1. National seeds don't always equate to national titles. Seeding of the 64 teams in the NCAA tournament begins with selection of the top eight national seeds -- theoretically the top eight teams in the nation -- which are bracketed in such a way they would only meet in the College World Series. Several of the usual suspects are in line this season for one of the coveted national seeds, which bring with them the probability of hosting a regional and/or Super Regional. Defending national champion South Carolina (45-14) as well as former champions Texas (43-15) and Rice (41-19) were expected to receive national seeds. So were perennial powers Florida (45-16) and Florida State (42-17), which, like South Carolina, reached the CWS last season. Virginia (49-9), which made its only CWS appearance in 2009, and Vanderbilt (47-10), bidding for its first trip to the CWS, are the most notable upstarts in the mix. Will a national champion emerge from among those eight teams? Perhaps. But recent history suggests otherwise. LSU, seeded No. 3 in 2009, is the only top-eight national seed to take the title in the past seven years. Pitching-rich teams like UCLA (33-21) and Cal State Fullerton (39-15) could get into the mix with a few timely hits. Of course, this year's champion could be playing below the radar right now. Fresno State proved that in 2008, when it (as a No. 4 seed in its regional, which equates at best to the No. 49 overall seed) became the lowest-ranked team in any sport to win an NCAA championship.
2. Plenty of eyes on the top players. Pitchers are expected to dominate the first round of this year's major league draft and several of them -- along with the nation's top hitter -- will be playing in the NCAA tournament. Plenty of eyes will be on Rice junior third baseman Anthony Rendon (.327, 6 HRs, 35 RBIs), who has been limited to DH much of the season because of a shoulder injury. During the recent Conference USA tournament, he played second base to get him back on the field without stressing his shoulder. Rendon hit 26 home runs last season, but hasn't had a chance to approach that number this year because of the injury and a nation-leading 78 walks.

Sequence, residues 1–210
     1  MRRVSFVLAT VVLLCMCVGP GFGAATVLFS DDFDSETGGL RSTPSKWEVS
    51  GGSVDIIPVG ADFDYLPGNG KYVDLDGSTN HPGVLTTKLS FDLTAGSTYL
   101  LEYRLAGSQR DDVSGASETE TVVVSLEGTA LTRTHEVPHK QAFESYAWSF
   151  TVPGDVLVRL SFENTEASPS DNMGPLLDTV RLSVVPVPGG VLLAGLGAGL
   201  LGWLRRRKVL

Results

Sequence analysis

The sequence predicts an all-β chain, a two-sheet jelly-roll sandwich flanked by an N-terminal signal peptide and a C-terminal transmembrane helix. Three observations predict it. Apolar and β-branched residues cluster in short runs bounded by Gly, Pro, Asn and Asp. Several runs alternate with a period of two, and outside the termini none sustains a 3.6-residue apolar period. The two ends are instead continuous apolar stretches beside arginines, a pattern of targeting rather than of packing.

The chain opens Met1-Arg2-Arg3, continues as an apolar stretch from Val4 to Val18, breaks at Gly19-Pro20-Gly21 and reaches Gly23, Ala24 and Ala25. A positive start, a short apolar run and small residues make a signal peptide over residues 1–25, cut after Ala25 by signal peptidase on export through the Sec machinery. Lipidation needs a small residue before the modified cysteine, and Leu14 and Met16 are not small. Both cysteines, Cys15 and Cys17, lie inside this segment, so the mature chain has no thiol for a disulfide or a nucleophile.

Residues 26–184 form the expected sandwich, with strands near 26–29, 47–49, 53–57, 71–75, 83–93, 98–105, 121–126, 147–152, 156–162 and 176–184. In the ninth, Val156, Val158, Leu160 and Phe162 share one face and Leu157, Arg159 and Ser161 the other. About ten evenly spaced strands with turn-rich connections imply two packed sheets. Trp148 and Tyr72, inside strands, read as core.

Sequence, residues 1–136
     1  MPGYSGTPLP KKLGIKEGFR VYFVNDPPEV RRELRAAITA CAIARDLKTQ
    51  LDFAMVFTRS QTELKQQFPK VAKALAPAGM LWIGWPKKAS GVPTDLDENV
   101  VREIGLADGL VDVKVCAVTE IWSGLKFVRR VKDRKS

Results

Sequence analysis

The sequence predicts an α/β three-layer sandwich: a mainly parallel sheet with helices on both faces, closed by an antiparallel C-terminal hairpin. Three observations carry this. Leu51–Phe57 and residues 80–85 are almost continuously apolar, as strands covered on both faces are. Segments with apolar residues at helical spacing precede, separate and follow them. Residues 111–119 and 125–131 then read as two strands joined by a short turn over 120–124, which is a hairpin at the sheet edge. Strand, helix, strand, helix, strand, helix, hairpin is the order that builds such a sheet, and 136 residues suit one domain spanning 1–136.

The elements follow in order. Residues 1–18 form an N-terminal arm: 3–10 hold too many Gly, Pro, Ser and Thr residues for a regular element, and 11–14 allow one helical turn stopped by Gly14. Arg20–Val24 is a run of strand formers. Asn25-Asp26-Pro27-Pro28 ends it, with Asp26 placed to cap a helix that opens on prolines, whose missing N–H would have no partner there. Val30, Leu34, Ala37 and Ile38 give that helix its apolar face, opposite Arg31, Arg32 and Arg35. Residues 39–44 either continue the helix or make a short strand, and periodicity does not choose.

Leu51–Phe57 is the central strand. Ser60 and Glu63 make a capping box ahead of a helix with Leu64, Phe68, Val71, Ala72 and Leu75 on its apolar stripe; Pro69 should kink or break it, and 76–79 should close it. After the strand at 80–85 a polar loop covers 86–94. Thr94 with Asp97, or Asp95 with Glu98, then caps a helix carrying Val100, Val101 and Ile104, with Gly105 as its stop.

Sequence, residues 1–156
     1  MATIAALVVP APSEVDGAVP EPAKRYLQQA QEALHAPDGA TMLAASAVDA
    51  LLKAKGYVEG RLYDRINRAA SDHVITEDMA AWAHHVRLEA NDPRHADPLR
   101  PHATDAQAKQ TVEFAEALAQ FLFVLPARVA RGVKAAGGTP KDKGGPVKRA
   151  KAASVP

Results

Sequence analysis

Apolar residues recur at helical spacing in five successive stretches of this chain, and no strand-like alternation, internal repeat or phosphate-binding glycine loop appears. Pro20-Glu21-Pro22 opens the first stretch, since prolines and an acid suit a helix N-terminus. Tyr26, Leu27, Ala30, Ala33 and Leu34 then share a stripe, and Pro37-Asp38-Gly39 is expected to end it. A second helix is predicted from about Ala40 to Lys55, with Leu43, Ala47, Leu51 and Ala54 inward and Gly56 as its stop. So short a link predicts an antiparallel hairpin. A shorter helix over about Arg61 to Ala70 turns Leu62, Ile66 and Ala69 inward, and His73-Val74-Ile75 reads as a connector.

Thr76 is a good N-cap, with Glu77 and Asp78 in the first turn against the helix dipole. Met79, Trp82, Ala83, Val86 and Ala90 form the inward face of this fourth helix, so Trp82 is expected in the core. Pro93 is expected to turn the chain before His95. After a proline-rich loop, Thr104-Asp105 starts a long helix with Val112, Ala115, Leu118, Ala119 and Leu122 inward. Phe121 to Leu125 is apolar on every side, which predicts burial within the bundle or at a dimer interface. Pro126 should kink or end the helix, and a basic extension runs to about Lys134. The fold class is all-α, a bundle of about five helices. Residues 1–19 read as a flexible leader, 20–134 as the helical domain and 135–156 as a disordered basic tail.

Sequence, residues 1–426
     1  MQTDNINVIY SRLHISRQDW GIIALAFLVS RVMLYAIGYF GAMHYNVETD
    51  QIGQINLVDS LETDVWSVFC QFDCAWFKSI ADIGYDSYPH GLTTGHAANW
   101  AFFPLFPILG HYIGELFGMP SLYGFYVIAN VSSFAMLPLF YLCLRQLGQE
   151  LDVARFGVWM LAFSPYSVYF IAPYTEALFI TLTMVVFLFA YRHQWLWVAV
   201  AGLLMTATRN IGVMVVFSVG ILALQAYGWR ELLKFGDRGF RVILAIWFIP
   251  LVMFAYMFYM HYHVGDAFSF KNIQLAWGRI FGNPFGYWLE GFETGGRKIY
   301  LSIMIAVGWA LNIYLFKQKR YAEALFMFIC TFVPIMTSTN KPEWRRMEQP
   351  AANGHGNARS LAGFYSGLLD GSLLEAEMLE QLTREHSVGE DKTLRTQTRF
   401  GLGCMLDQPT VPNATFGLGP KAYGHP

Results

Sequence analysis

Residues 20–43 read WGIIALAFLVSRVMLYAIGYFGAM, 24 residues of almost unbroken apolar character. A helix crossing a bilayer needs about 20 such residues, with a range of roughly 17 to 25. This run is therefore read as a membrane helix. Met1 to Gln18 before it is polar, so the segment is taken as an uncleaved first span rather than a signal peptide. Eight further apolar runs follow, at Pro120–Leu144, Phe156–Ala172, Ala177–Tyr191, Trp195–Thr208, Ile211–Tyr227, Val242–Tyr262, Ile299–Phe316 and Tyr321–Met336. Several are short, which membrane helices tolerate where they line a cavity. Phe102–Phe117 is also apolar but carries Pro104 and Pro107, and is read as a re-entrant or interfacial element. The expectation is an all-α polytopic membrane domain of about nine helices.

Like Rendon, TCU sophomore lefthander Matt Purke (5-1, 1.51 ERA, 55 SO/18 BB in 47.2 IP) has struggled with his health this season. Shoulder woes have limited him to 10 starts and he was on a strict pitch count at last week's Mountain West Conference tournament. Purke's fastball was clocked in the low 90s in a game against New Mexico and he has obviously still been dominant, but the Horned Frogs are hoping to again see the pitcher who went 16-0 last season and led them to their first CWS appearance. UCLA junior righthanders Trevor Bauer (12-2, 1.27, 189/34 in 127.2 IP) and Gerrit Cole (6-7, 3.28, 108/23 in 107 IP) pitched the Bruins into the national championship series against South Carolina last year. Bauer, who leads the nation in strikeouts for the second straight year, has had a statistically superior season. Cole has a fastball that flirts with triple digits, however, and can be every bit as dominating. Virginia junior left-hander/first baseman Danny Hultzen (10-3, 1.59, 136 SO/16 BB in 96.1 IP/.305, 1 HR, 29 RBIs) is a two-way star who will focus on his pitching as a professional. In the meantime, the Cavaliers appreciate his presence at the top of their rotation and his bat in the middle of their lineup. Texas right-hander Taylor Jungmann (13-0, 0.95, 116/27 in 122.2 IP) is hoping to lead the Longhorns to a record 34th CWS appearance.